Livingstone denounces £4bn profit for Tube firms as 'a licence to rob London'

Click to follow
The Independent Online

The part-privatisation of London Underground ran into fresh controversy last night over the disclosure that commercial firms could make up to £4bn in profit from the project.

Figures from the 30-year PPP contracts, with an independent value-for-money assessment, show taxpayers will foot most of the bill if the firms let costs rise out of control.

Eight construction and maintenance companies who make up the Metronet and Tube Lines consortia – due to take over the Tube – admitted they expected returns of at least £2.7bn on the deal, five times the direct investment they will put into the network.

In his first detailed profits forecast, Brian Staples, chairman of Tube Lines, told shareholders he expected his company alone to make £10m a year on its £60m investment.

The revelations were seized on by Ken Livingstone, the Mayor of London, who said they proved the PPP contracts were "a licence to rob London".

Bob Kiley, the Mayor's transport commissioner, said the contracts had clearly been reduced to little more than a glorified maintenance programme instead of a thorough capital overhaul of the dilapidated network.

Mr Kiley warned of the possibility of legal action against London Underground as he published both a limited version of the PPP contracts and a report by Deloitte Touche that concluded the deal did not represent value for money. The Deloitte Touche report found the proposed equity returns for the commercial contractors were "very high" and had unusual protection from risk if anything went wrong.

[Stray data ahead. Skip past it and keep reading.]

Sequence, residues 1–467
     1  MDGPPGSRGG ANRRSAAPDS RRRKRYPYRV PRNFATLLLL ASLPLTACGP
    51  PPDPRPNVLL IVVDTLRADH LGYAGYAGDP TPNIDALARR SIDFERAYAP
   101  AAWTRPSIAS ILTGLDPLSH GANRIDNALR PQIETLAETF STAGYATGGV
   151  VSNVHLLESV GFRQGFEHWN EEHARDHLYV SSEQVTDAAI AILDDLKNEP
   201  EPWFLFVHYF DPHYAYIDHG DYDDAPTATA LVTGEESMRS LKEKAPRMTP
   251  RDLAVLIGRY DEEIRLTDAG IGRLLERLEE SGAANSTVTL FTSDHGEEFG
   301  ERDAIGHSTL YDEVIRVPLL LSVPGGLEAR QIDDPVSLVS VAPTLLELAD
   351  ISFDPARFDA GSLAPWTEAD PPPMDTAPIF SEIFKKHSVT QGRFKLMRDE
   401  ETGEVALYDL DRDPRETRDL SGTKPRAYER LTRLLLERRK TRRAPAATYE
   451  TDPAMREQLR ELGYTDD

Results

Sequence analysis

The contracts also showed more than £3bn of capital investments had been stripped out of negotiations in the past year and crucial issues of risk had not yet been finalised, Mr Kiley said. "It's a real roll of a dice in a dark room," he added.

A spokeswoman for London Underground said the rate of return in the contract was less than 20 per cent and that was not unusual for big PFI deals.

"The bidders' returns depend on whether they do what they say they are going to do. If they do, it good news for them, good news for the Tube and good news for our customers," she said.

"If they don't deliver the improvements to the service according to our specification they won't be rewarded. There has got to be an incentive for people to do it."